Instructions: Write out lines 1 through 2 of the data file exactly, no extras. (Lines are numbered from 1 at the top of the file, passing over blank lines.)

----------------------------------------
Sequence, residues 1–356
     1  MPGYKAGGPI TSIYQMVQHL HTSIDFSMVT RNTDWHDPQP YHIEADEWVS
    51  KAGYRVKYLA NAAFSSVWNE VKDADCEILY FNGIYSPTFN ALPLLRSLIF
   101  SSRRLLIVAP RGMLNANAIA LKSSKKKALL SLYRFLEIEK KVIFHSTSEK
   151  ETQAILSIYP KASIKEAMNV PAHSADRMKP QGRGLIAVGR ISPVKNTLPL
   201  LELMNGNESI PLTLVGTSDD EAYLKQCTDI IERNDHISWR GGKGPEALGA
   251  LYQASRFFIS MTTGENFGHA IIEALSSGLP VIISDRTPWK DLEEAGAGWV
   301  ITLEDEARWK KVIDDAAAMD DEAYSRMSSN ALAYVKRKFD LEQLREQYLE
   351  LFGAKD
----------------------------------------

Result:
Sequence, residues 1–356
     1  MPGYKAGGPI TSIYQMVQHL HTSIDFSMVT RNTDWHDPQP YHIEADEWVS